second is that you will never meet a more desperate, warped minded person then a drug user who NEEDS his next fix.

  11. The best thing they could do is make sure there are veterans of the military on any flight and they are armed…..that would be the safest of all possibilities. You show your concealed carry permit and you show an ID from the VA with your picture on it along with a passport……bingo safe flight……place them in the front and rear and over the wings…..how safer can it get.?

    • Major Nidal Hassan (Ft Hood shooter) was active duty, an officer, and a shrink who could “pass” a pysch exam.

      How about we allow ALL Americans to exercise their rights?

      • OK lets do it. Let it be known that the whole territory of the contiguous United States is Constitutional carry. Any where any time.
        Then when someone is convicted for a serious crime of violence, especially using a gun and late he/she is stopped on the road by LEO and the LEO finds this person, “felon” with a gun again its a felon so off to jail another three to five. I’ve said that for fifty years.

  12. Straight from the Texas DPS website:

    (b) A license holder commits an offense if the license holder intentionally, knowingly, or recklessly carries a handgun under the authority of Subchapter H, Chapter 411, Government Code, regardless of whether the handgun is concealed, on or about the license holder’s person:
    (1) on the premises of a business that has a permit or license issued under Chapter 25, 28, 32, 69, or 74, Alcoholic Beverage Code, if the business derives 51 percent or more of its income from the sale or service of alcoholic beverages for on-premises consumption, as determined by the Texas Alcoholic Beverage Commission under Section 104.06, Alcoholic Beverage Code;
    (2) on the premises where a high school, collegiate, or professional sporting event or interscholastic event is taking place, unless the license holder is a participant in the event and a handgun is used in the event;
    (3) on the premises of a correctional facility;
    (4) on the premises of a hospital licensed under Chapter 241, Health
    and Safety Code, or on the premises of a nursing home licensed under Chapter 242, Health and Safety Code, unless the license holder has written authorization of the hospital or nursing home administration, as appropriate; (5) in an amusement park; or
    (6) on the premises of a church, synagogue, or other established place of religious worship.

    Then it goes on in section i to say:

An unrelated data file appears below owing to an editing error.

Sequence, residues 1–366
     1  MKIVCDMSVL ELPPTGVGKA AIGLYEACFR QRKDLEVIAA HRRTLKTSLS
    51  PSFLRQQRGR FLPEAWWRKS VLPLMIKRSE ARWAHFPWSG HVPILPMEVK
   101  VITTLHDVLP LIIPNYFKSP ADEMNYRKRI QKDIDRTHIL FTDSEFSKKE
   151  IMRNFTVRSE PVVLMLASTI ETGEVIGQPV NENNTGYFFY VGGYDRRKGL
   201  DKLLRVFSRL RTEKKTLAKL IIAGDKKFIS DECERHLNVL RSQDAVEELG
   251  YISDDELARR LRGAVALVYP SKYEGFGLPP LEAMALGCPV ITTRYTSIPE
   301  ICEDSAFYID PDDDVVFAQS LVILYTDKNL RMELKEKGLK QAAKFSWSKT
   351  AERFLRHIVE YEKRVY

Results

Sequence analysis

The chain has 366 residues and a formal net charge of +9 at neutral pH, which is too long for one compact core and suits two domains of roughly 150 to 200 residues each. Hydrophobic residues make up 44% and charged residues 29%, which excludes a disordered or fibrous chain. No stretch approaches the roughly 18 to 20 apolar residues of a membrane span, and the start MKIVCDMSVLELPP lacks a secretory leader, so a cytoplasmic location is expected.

(i) Subsections (b)(4), (b)(5), (b)(6), and (c) do not apply if the actor was not given effective notice under Section 30.06.

    It looks pretty clear to me that an update to the law has been made that makes places like churches and hospitals just like any other establishment as far as the 30.06 law….

    So what am I missing here?

    • You’re not. We just need to get rid of 30.06 all together and the problem would solve itself.

    • You’re not missing anything. Hospitals originally were statutory gun-free zones, meaning guns were banned by law. Years later, the outright ban was lifted and permission to carry concealed was restored to the property owners, where it belongs. Hospitals electing to ban guns must post the 30.06 sign in accordance with the law, though.

      One caveat: a specific hospital might be a statutory gun free zone on some other basis. For example, some hospitals are extensions of a university campus. As such, carrying would be banned by law, regardless of signage.

  13. I, personally, believe that if a company, hospital, or business chooses to post a 30.06 sign, it should come with legal responsibility on their part. Are they held liable if something happens? I’m guessing not. There should be, absolutely, no place one cannot carry their weapon. I took the class! I had my background checked! I paid the exhorbitant fee to allow me my right! Why can’t the state, be a tad less restrictive? One story in this article totally blew the hospital police chief argument out. The fact that almost every single shooting occurs in a gun free zone, should tell you something. However, far be it from me, to introduce logic into the argument.

    • Careful there, you’re likely to hear from the “Muh property rights trumps your Constitutional rights” crowd. They don’t like it when they open a business to the public and somebody tells them they’re still not God. Some acknowledge the Bill of Rights doesn’t create rights, but instead restricts government infringement on rights. Many seem ok with infringing rights endowed by their creator because of “their property”; suggesting they should incur liability for denying a customer’s right to defense isn’t going to sit well.

  14. “They have a reputation to uphold”

    What reputation? Joining the open carry states way too late? Pretending to love liberty when the state is full of law-and-order fetishists who piss on the Constitution at every opportunity?

  15. Why is it the deaths they want to prevent by disarming law abiding citizens outweigh the potential deaths of law abiding citizens who were disarmed?